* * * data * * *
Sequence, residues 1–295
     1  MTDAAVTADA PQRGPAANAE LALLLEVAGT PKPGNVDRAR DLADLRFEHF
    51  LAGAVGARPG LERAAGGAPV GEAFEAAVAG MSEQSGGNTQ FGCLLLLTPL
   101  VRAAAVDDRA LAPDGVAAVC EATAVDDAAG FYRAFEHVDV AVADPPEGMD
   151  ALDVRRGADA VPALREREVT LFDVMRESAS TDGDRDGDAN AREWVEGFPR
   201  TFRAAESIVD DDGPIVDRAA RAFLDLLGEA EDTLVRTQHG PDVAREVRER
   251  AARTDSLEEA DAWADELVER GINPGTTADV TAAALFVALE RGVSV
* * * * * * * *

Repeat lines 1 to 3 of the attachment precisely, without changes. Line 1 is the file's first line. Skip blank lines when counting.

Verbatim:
Sequence, residues 1–295
     1  MTDAAVTADA PQRGPAANAE LALLLEVAGT PKPGNVDRAR DLADLRFEHF
    51  LAGAVGARPG LERAAGGAPV GEAFEAAVAG MSEQSGGNTQ FGCLLLLTPL